Schools Chancellor Carmen Fariña today announced a series of school climate and discipline reforms – developed in partnership with the NYPD and the Mayor’s Office of Criminal Justice – that will ensure the safety and dignity of New York City’s students, and hasten the decline of crime in our schools. In addition to the coordination and collaboration across City agencies, the work of the City Council, other elected officials, and community stakeholders has been invaluable in this revision of the discipline code and continued movement towards progressive disciplinary approaches.
An op ed in the NY Daily News praises the commission as a good start, and urges the Department to move forward aggressively to find alternatives to the current discipline code.
Bob McManus in the NY Post is appalled,
… the administration’s enthusiastic embrace of public-education’s latest social-justice crusade — the dubious effort to retain dysfunctional, and sometimes dangerous, students in their classrooms at the expense of serious students.
Specifically, as Schools Chancellor Carmen Fariña announced last week, there will be a sharp decrease in sanctions on disruptive students. It’s part of what one report terms an effort “to further rein in some of the most severe punishments while also keeping schools safe.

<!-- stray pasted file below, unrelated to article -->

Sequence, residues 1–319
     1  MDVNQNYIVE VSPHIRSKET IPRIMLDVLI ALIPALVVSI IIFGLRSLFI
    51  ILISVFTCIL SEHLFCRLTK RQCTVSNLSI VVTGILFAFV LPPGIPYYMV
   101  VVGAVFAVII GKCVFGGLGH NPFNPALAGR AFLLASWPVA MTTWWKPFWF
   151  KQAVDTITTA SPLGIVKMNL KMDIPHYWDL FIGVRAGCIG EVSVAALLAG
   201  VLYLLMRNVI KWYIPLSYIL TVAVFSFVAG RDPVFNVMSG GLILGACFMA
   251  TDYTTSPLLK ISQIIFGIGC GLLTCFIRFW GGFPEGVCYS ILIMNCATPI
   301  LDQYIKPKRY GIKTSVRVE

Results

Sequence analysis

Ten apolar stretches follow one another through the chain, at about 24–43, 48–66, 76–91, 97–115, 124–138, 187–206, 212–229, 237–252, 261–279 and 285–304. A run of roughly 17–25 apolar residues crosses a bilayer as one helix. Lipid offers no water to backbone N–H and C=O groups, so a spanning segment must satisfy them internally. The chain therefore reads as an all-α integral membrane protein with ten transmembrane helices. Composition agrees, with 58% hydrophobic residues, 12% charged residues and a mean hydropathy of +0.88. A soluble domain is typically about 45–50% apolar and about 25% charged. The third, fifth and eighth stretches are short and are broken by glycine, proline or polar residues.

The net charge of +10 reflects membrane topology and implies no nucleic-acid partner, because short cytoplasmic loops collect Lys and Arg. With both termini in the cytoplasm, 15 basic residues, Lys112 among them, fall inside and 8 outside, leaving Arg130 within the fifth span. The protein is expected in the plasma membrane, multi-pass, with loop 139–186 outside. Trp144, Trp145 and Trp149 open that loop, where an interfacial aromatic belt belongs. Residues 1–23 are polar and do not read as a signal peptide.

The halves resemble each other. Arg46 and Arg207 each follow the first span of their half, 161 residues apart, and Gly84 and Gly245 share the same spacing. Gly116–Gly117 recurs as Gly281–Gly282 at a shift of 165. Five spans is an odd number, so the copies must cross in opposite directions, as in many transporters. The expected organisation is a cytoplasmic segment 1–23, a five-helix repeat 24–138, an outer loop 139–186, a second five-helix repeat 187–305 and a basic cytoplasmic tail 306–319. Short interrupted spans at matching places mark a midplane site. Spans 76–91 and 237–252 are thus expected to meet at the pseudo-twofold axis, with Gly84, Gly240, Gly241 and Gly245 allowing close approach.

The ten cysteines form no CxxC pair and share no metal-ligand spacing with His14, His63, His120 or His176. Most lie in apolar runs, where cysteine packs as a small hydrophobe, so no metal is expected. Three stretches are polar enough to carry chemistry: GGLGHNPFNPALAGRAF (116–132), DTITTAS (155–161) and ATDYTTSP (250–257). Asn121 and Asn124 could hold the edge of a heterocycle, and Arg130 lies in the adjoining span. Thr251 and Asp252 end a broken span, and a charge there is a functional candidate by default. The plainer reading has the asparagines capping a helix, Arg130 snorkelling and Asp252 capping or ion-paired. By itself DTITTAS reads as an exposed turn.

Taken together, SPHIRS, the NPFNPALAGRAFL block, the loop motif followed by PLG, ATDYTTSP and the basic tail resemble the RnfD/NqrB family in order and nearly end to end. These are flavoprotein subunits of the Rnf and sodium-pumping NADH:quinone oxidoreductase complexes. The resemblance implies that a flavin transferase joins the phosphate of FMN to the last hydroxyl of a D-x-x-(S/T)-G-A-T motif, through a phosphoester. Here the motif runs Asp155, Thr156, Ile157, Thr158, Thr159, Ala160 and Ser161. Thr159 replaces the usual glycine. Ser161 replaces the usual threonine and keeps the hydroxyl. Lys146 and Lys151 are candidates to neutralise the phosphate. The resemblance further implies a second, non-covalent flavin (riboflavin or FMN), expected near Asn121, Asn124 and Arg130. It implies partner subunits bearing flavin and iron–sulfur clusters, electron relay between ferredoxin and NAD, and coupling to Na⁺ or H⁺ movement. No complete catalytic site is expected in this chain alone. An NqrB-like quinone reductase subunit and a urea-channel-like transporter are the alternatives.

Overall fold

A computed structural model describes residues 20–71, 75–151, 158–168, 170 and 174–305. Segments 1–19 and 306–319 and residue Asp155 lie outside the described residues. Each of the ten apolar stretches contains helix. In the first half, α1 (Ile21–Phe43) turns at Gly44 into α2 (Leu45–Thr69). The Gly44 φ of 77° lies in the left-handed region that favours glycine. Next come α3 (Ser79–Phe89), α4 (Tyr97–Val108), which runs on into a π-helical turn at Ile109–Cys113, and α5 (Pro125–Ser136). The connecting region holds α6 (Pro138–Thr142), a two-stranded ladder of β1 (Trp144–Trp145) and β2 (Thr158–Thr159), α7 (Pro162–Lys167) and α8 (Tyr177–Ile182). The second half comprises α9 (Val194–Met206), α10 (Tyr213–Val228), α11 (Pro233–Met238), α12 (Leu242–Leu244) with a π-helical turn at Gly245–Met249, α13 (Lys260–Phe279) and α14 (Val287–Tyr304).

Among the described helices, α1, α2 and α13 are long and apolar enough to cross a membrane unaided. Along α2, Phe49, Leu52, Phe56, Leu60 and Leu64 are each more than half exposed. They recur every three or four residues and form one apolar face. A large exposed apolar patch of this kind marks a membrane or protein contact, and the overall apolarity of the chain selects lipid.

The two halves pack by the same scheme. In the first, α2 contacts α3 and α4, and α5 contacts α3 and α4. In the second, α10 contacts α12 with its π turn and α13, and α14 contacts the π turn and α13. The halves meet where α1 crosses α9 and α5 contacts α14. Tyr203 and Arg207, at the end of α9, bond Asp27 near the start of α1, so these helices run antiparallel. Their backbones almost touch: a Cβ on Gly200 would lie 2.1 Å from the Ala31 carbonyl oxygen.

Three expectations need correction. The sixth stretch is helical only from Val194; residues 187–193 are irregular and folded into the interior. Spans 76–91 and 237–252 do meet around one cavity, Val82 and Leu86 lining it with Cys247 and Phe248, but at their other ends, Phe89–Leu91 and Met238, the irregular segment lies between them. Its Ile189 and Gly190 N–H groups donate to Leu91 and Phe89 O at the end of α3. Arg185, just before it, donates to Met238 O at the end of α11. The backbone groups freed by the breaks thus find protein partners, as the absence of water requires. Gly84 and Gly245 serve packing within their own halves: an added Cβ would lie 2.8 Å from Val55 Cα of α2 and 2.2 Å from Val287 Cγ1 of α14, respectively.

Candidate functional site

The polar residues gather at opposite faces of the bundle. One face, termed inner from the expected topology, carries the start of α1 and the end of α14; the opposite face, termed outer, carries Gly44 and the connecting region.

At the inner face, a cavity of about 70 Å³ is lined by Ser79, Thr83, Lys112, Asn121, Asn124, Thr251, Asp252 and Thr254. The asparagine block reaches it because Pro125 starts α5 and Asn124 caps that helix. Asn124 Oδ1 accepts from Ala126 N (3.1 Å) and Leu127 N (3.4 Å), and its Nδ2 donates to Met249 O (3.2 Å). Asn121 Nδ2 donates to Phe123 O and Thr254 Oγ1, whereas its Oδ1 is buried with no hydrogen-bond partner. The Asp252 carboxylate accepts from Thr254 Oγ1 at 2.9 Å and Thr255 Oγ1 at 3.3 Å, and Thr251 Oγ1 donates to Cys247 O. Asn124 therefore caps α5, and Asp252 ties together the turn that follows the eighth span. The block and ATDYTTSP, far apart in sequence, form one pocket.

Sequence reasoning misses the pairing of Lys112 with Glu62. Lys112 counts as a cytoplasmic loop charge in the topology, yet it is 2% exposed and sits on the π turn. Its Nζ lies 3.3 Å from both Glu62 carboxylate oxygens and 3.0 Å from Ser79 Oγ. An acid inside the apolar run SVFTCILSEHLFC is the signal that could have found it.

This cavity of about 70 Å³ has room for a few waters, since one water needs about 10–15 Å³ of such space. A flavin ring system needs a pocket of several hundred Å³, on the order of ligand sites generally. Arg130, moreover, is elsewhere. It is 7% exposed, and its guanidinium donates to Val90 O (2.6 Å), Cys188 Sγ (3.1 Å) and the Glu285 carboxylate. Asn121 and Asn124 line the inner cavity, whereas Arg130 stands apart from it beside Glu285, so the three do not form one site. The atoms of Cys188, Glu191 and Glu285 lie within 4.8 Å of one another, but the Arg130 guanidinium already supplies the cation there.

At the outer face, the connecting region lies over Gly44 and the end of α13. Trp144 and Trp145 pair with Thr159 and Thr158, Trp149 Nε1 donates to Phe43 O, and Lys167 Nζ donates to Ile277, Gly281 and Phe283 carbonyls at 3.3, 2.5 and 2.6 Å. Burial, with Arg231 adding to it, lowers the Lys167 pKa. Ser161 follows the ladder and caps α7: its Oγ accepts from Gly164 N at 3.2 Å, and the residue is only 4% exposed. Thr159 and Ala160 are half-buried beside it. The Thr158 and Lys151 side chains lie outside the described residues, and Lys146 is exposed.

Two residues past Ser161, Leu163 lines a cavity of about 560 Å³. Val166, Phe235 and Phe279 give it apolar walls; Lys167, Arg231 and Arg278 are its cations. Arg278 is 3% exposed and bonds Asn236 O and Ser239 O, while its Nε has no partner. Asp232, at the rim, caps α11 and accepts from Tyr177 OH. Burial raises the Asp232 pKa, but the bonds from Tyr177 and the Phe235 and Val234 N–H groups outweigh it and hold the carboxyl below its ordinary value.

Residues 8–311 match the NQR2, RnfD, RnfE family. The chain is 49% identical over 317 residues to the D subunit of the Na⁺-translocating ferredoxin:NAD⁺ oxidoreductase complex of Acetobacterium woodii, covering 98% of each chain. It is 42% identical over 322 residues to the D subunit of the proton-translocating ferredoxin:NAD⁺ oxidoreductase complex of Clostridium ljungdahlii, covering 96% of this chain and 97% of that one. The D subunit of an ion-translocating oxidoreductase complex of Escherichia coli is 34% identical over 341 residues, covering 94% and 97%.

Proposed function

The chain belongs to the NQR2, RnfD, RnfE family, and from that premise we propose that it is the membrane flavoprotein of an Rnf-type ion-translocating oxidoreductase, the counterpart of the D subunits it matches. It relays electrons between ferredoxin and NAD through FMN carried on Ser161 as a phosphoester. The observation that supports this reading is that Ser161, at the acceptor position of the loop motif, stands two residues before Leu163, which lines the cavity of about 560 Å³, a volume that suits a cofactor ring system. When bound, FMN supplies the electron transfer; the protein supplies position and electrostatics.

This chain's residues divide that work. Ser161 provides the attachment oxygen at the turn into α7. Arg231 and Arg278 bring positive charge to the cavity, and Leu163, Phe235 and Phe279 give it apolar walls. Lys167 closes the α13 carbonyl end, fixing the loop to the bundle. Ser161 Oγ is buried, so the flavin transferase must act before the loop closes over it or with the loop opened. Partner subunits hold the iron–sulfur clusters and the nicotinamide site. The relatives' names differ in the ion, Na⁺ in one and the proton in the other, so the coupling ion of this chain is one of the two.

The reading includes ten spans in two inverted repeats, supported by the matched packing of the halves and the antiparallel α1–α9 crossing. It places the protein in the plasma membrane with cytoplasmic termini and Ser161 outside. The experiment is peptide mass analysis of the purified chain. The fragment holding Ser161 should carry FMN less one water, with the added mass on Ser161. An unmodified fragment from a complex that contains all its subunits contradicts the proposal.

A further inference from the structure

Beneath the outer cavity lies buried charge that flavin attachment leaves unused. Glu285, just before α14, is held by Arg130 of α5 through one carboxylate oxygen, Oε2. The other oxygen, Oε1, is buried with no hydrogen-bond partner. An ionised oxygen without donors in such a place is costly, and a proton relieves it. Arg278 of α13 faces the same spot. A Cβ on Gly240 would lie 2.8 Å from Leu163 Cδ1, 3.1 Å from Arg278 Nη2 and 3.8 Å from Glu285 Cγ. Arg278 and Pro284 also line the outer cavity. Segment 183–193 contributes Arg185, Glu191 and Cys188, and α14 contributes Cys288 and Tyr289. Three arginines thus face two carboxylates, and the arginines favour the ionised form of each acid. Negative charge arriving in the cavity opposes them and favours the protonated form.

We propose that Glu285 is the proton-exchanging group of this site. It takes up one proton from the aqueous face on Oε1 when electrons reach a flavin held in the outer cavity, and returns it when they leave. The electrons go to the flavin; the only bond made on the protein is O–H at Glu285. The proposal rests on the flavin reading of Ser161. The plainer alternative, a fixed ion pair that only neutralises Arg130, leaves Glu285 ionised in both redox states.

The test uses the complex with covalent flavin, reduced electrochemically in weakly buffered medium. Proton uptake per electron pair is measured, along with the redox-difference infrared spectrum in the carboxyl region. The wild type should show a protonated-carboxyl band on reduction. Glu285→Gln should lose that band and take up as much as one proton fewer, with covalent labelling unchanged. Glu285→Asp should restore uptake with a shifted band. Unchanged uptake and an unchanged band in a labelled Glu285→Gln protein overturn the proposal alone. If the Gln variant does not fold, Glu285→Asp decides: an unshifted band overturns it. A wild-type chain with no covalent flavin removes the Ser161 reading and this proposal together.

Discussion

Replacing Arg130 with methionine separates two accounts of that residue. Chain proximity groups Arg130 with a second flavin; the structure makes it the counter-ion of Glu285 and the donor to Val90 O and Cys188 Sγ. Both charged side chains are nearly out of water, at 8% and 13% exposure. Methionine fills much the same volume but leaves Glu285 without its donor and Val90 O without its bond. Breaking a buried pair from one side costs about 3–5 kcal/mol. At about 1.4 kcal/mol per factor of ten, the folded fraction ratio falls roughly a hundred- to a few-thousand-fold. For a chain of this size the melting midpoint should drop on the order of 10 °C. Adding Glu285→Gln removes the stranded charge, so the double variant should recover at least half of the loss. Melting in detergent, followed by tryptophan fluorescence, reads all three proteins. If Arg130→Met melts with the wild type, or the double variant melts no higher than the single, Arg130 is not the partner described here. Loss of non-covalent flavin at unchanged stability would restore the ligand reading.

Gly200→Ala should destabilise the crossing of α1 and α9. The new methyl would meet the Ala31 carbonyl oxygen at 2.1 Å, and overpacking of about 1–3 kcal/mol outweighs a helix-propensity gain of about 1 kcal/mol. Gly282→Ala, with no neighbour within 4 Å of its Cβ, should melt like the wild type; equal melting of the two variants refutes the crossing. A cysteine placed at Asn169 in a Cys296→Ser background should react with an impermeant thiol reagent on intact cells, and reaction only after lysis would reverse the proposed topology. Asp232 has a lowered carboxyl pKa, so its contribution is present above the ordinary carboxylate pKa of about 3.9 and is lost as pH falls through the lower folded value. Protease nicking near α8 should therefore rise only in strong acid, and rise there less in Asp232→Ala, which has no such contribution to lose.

Will tougher scrutiny of suspensions, more effective training of school leaders and principals lead to the adoption of alternative procedures to discipline students,(i. e., restorative justice) higher graduation rates fewer dropouts, in other words, is reducing suspension the key to better outcomes for students of color?
Over the last two years suspensions have dropped sharply, the question is why?
Has the Department simply whispered to school leaders, “no,” we’re not going to approve suspensions; in fact, we’re going to “punish” you in your evaluation, your Principal Performance Review? On the hopeful side maybe school leaders and teachers are becoming more effective in dealing with disruptive students.